grouse (3) n. (frequently with the intensifier extra) Aust. very good of its kind. [20th c.: origin unknown]
Two things stuck out from this entry. First, the intensifier extra: I have to say I don't remember it being used 'frequently' to intensify an already intense word, but boy, what a compliment. To call something or someone extra grouse - is there any higher praise possible? ('Knock off work early? That, my friend, is an extra grouse notion.')
The second thing that struck me was the little n. right at the start there. It's not a typo - at least not on my part (I might be wrong, but I'm sticking by my definition at the start of grouse as an adjective). But it got me thinking about how one could use grouse as a noun. I thought it could be used in the same way 'star' is used to talk about people who are, well, grouse.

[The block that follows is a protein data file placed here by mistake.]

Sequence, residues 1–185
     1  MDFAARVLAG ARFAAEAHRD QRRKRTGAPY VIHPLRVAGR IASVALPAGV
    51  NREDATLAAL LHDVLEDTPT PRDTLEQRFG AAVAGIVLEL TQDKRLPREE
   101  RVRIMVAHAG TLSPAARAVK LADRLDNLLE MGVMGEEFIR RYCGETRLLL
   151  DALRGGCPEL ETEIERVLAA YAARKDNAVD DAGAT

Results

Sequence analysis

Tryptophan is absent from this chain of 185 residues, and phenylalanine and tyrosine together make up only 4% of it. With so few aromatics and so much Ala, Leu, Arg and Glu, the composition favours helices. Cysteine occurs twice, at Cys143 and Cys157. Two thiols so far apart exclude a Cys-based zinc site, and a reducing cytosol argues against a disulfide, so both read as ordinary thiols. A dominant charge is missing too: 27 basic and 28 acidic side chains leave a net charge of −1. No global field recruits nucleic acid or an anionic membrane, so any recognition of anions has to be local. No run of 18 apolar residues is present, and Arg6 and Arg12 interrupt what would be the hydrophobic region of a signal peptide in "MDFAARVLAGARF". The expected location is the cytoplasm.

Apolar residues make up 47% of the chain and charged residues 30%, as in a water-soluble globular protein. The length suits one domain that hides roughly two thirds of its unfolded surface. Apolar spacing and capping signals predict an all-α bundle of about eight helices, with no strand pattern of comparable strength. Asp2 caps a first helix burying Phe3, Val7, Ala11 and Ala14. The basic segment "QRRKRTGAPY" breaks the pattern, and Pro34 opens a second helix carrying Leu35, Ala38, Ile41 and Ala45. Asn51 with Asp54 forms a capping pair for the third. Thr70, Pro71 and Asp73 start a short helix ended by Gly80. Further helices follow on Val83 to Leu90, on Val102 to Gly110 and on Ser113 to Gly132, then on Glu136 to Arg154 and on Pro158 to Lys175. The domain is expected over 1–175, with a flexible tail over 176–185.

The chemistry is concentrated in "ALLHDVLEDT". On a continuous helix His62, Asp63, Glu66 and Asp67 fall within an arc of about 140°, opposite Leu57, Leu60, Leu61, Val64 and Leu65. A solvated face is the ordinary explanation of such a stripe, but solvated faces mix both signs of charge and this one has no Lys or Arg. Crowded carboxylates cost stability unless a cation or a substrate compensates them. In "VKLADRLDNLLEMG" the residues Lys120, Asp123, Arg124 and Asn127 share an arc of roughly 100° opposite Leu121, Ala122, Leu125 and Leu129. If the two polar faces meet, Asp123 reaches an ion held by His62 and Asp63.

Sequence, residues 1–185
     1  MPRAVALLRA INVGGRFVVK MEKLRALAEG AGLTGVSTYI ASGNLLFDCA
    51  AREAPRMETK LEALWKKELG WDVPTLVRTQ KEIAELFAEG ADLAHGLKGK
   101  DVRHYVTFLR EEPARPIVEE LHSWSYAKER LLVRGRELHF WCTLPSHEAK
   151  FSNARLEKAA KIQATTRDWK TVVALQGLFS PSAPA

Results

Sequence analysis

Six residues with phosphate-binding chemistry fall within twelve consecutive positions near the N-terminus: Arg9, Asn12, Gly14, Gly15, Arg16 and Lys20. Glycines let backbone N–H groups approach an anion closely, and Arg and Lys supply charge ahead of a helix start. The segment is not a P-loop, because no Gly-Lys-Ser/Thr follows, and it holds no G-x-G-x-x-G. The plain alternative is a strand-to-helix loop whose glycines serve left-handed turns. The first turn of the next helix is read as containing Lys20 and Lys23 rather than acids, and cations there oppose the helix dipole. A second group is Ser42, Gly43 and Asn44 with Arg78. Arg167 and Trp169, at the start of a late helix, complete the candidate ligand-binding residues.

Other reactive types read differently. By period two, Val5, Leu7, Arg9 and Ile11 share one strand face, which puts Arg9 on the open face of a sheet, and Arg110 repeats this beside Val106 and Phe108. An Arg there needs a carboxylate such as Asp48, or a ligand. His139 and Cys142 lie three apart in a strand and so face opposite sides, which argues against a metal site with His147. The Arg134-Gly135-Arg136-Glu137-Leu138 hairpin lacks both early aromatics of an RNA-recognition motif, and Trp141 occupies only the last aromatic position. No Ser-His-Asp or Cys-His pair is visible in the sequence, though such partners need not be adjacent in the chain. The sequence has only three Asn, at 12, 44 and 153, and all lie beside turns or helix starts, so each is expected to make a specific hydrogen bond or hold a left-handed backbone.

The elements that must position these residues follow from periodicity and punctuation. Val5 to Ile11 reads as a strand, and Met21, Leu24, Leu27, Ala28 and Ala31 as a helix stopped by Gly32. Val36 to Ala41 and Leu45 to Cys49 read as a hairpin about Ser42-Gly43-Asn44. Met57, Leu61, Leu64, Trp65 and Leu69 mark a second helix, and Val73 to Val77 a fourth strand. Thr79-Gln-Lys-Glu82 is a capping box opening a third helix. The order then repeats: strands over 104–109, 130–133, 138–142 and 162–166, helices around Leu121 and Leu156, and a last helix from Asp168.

'Thanks for editing my story, mate - you're a grouse.'
But in this example, either you're left waiting for more - a grouse what? - or it sounds too much like 'louse' to be complimentary.
So I may have to beg to differ with the ACOD on this one. Grouse is grousest as an adjective.
(For those wondering what the other two entries were:
grouse (1) n. (pl. same) any of various game birds of the family Tetraonidae, with a plump body and feathered legs.
grouse (2) v. & n. colloq. * v.intr. grumble or complain pettily. * n. a complaint.)